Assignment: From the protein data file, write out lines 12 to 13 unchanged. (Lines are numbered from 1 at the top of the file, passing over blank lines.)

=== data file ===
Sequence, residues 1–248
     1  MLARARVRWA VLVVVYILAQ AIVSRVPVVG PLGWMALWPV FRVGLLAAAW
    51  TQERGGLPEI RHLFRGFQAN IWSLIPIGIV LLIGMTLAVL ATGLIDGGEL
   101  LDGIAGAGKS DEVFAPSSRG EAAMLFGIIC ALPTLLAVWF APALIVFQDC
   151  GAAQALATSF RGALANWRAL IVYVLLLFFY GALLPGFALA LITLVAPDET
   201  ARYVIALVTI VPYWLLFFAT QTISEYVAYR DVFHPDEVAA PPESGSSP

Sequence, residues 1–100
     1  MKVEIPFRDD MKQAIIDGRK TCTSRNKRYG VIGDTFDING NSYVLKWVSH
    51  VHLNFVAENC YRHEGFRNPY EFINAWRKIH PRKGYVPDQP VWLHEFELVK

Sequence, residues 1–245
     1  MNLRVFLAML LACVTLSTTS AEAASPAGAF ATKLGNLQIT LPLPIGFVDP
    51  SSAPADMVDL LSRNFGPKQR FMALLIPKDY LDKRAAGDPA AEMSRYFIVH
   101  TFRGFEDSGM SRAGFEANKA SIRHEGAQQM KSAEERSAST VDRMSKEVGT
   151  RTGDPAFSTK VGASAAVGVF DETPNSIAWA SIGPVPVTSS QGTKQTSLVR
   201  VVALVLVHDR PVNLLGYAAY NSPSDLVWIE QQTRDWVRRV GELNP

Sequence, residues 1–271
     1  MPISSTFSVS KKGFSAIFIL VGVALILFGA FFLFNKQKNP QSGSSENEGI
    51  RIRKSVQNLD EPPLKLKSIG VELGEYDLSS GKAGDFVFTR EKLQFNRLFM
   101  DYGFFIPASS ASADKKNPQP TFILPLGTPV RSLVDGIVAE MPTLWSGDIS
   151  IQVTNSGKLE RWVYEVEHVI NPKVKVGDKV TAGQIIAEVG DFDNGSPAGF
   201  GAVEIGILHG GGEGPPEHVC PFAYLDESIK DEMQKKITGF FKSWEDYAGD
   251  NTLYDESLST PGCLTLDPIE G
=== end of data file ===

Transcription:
    51  SSAPADMVDL LSRNFGPKQR FMALLIPKDY LDKRAAGDPA AEMSRYFIVH
   101  TFRGFEDSGM SRAGFEANKA SIRHEGAQQM KSAEERSAST VDRMSKEVGT